12: Simpson’s paradox: A phenomenon in which a relationship within a set of data disappears or even reverses when that data is subdivided into smaller categories. Take for example this study, which looked at the success rates of closed vs open surgery for treating kidney stones. They found that overall, open surgery was successful in 78% of cases, while closed surgery was successful in 83% of cases. This would seem to suggest that closed surgery was more effective. However, when the researchers looked at success rates for small and large kidney stones individually, they found that for both sizes of stone, open surgery worked more often, making it the more effective treatment. How is this possible? When doctors received a patient with small kidney stones, they were much more likely to choose the less invasive but less effective treatment for the easier to treat condition. This meant that open surgery was used mainly on large kidney stones, which are inherently harder to treat, making open surgery appear to be less effective overall.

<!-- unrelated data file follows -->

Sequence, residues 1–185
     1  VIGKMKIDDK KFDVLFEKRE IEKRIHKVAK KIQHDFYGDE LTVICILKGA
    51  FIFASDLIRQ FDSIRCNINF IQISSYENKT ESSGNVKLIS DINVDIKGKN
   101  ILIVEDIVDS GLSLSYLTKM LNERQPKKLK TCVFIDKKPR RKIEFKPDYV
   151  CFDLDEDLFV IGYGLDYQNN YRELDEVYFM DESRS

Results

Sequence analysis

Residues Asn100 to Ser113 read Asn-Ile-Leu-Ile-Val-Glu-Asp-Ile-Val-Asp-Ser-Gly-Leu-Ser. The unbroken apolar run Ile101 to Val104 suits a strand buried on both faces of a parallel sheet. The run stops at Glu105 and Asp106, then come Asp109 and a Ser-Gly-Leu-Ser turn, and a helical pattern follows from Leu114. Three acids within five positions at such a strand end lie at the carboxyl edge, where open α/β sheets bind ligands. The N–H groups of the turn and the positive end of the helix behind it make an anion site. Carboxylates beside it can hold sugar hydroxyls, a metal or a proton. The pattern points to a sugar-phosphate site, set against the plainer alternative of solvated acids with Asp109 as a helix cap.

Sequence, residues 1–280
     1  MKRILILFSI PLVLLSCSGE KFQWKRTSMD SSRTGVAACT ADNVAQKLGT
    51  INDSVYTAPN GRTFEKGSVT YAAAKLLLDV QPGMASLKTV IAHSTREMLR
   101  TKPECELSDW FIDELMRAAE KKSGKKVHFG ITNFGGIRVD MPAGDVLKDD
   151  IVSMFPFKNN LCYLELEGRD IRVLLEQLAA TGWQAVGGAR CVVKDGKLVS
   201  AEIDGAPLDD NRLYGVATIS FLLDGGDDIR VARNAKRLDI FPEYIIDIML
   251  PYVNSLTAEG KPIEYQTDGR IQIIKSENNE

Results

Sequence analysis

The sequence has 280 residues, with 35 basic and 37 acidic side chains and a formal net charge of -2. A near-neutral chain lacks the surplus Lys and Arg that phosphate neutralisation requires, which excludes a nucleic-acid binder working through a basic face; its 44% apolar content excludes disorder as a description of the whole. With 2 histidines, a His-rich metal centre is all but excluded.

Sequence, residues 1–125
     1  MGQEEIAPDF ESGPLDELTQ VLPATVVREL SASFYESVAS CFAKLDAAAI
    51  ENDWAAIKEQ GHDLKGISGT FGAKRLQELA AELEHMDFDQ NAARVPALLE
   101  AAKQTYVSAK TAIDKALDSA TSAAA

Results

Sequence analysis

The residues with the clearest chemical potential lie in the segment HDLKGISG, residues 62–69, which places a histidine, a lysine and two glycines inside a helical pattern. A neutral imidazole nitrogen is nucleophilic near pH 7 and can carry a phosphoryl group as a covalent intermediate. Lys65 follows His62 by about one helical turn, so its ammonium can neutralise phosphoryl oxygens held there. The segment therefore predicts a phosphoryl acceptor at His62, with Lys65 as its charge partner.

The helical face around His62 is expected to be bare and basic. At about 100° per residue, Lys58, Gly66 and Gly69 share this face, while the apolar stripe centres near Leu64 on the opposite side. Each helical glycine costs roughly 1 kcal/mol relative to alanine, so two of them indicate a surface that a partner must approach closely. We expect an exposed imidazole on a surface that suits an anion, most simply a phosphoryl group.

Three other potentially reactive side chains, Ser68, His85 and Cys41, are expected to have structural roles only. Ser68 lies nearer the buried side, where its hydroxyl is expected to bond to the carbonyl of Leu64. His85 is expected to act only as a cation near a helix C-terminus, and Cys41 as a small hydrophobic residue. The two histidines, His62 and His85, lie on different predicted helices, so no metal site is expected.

13: That time the Soviet Union put out a burning natural gas field with an atomic bomb.
14: While the South Korean constitution guarantees freedom of speech, behaviours or speeches in favour of the North Korean regime or communism are technically illegal under a law enforced since 1948, though in recent years prosecutions have been rare.
15: Check out this extraordinary footage of a giant phantom jellyfish, which was spotted about one kilometre below the surface in Monterey Bay in California. They have only been sighted about 100 times since their discovery in 1899. Their ribbon-like arms can grow to be over 10 metres in length.
16: The Anatomy Riot of 1788: One afternoon in 1788, a medical student at New York Hospital was dissecting a woman’s body, when he noticed a group of street urchins who had gathered at a window to stare. Annoyed, he waved the corpse’s arm at them and shouted ”This is your mother’s arm. I just dug it up!” Unfortunately, one of the observers was a boy who had recently lost his mother, and ran home to tell his father about the incident. Grave robbing was pretty common back then, and so when the enraged father marched to his late wife’s grave with shovel in hand, there was of course nothing there. This lead to a thousands-strong angry mob trashing the hospital in question, nearly doing the same at Columbia University before attacking a prison where some doctors had been placed for their own safety. The riot ended with the militia being called in and 20 rioters being shot dead.